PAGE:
As an in-demand menswear photographer, Jamie Ferguson is used to shooting cloth, not designing it. But Ferguson—who may be better known by his nom de Instagram, JKF Man—got on the other side of the lens to design a Harris Tweed that has been tailored into a sports jacket by the Anthology and is the basis of a forthcoming chore coat from No Man Walks Alone.
The project is a homecoming of sorts for Ferguson, who at 15 moved from Canada to the small Scottish village where his mother was raised. During the summer holidays, Ferguson would take road trips across the Scottish Highlands and soak in its visual splendor.
“You’d often see these amazing colors in the rugged countryside: purples, reds, oranges, black and yellows,” he tells Robb Report. So, when Ferguson had the opportunity to co-design a fabric with the mill Harris Tweed Hebrides in 2021, he needed only to look to those memories for inspiration.
“When I started my career in menswear, I quickly fell in love with jackets made up in Harris Tweed due to their rough and ready feel and look,” he continues. “I’d always been on the lookout to somehow combine the colors I’d seen growing up when traveling with this amazing cloth and this collaboration has given me that chance.”
Ferguson first asked to see any deadstock houndstooth fabrics that the mill had at hand, as he wanted his Harris Tweed to have a vintage feel. After finding a fabric that was nearly ideal, Ferguson requested that just two of its colors be swapped out until he had a pattern in Highland-esque shades of beige, caramel brown, navy, soft blue and raspberry pink.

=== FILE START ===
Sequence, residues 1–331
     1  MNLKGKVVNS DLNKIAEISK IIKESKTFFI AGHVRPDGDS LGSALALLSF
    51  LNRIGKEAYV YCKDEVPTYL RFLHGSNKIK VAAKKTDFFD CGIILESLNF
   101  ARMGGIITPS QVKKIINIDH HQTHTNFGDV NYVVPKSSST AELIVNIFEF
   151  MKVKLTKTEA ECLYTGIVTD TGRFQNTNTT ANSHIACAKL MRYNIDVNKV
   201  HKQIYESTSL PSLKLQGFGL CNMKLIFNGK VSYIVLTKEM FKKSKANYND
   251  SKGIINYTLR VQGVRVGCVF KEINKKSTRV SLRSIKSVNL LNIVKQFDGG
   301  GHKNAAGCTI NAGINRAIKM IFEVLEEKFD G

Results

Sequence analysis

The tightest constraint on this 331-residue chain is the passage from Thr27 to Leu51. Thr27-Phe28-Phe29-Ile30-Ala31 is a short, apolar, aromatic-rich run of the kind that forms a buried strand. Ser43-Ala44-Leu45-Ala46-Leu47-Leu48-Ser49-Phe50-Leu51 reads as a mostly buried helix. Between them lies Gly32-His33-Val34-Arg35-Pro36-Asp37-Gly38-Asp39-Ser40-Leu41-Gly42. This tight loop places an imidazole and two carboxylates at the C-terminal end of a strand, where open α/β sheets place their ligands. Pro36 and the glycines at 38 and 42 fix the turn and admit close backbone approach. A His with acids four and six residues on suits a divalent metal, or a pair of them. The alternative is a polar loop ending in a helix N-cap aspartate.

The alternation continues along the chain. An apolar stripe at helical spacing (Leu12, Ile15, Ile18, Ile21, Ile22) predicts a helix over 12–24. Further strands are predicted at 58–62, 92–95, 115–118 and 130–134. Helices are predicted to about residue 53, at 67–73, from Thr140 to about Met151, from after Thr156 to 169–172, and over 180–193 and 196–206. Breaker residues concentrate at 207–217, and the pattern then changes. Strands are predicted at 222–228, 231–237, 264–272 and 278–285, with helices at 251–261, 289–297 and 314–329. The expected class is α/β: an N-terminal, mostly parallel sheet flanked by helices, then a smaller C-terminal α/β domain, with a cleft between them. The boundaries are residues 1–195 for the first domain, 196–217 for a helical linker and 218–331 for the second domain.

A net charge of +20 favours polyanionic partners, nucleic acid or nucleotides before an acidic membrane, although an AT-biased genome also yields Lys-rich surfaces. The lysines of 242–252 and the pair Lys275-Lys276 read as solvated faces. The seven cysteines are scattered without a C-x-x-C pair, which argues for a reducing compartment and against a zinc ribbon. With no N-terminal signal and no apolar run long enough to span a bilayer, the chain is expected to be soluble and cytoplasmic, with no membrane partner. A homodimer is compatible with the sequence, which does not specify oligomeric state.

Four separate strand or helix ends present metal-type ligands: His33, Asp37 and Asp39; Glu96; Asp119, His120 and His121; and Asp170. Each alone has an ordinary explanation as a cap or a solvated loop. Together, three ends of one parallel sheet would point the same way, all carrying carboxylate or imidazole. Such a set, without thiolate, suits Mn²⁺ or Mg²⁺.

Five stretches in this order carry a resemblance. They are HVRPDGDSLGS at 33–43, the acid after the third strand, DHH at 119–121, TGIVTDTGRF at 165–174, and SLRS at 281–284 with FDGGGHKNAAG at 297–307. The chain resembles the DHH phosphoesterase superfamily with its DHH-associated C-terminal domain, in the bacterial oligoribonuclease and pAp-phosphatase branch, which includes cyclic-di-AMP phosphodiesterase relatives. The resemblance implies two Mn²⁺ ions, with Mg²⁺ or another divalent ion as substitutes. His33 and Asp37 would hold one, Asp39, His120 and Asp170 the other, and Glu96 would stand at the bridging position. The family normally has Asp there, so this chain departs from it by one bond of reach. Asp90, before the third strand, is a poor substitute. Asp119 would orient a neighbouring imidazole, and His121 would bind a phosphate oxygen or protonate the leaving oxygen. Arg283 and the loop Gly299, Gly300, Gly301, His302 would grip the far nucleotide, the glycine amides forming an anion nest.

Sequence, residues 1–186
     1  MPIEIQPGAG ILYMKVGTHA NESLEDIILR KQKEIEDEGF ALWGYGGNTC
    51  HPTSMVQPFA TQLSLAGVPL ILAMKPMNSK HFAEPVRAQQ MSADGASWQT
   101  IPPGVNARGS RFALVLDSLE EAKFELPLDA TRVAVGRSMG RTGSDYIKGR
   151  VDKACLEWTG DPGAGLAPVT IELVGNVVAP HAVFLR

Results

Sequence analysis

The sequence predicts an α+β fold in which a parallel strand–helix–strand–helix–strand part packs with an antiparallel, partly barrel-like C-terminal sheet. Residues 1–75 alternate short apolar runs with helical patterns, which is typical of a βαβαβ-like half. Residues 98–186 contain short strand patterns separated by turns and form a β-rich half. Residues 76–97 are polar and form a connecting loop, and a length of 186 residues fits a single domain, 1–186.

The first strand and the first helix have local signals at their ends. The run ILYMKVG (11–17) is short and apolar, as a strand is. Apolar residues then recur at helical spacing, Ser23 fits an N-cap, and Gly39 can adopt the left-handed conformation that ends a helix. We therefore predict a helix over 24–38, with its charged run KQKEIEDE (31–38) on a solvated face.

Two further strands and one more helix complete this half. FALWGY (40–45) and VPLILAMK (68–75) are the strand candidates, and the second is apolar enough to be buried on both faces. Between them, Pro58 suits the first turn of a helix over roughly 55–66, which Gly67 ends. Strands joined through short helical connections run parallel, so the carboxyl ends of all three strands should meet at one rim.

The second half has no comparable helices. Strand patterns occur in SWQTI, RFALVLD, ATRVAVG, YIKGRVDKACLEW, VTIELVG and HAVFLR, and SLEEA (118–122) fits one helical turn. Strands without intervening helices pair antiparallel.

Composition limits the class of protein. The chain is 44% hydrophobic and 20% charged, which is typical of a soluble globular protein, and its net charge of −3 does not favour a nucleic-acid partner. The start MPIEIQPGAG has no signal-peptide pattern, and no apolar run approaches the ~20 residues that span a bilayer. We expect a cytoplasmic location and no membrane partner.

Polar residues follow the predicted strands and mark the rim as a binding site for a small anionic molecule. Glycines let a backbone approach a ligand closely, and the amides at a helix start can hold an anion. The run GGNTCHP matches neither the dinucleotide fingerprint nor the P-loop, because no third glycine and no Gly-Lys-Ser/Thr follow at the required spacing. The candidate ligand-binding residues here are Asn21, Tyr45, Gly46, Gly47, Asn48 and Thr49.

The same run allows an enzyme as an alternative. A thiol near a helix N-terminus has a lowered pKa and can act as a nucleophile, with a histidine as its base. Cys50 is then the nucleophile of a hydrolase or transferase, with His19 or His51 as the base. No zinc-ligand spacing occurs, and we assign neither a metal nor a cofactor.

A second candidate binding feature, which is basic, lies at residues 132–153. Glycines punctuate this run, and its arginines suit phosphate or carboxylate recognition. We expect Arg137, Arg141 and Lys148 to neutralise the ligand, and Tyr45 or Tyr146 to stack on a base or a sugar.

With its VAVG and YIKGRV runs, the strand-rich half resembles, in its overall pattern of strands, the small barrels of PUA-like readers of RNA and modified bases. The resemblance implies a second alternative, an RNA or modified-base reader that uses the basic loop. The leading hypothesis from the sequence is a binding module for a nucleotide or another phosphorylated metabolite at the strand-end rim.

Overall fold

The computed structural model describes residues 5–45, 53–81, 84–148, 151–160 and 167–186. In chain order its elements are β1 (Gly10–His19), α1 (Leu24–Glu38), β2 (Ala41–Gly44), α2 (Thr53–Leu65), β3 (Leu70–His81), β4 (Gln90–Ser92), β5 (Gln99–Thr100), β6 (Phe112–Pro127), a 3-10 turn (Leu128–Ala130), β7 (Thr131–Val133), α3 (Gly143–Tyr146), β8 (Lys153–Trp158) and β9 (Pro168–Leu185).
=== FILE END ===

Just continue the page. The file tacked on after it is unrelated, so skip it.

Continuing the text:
Once the design was set, 100 meters of the cloth were made up according to the exacting standards set out by the Harris Tweed Authority, which specifies that it must be handwoven by the residents of Scotland’s Outer Hebrides islands working in their own homes. Ferguson’s fabric was finished at a weight of 470/500g, or what the hardy mill classifies as a “featherweight.”
Afterward, 20 meters were wholesaled to the Parisian fashion label LSD, who plans to sell it to clients as cut lengths for tailoring; 20 more meters were supplied to the online-only retailer No Man Walks Alone, which is using it to produce a triple patch-pocket chore jacket that is expected to launch in November; and the remaining 60 meters were earmarked for the Hong Kong and Taipei-based classic menswear label The Anthology, which had been a backer of the project since its inception.
In its hands, Ferguson’s fabric has become a sports jacket tailored in the Anthology house style. The jacket, which is available now online and retails for $1,180, is marked by patch pockets, a 3/2 roll and a slightly extended, subtly roped shoulder constructed without padding.
Anthology co-founder Buzz Tang says that he and Ferguson initially considered using the Harris Tweed to make a traditional British shooting jacket or a field coat. But the duo decided that matching the dense country fabric to the brand’s own “neo-classical” aesthetic would make it more suited for contemporary wear.
“Let the heritage cloth and the modern silhouette create their chemistry,” Tang says of the combination.
After dipping his toes in design, Ferguson returned to the camera. At the start of October, he traveled to the Scottish Highlands and the Outer Hebrides with Tang and the menswear writer Manish Puri (who in this case, served as the model) to shoot a campaign around the Anthology jacket, bringing the project full circle.
If there’s a lesson to take from Ferguson’s project, it’s that you can go home again—and share a little bit of it with the rest of the world, too.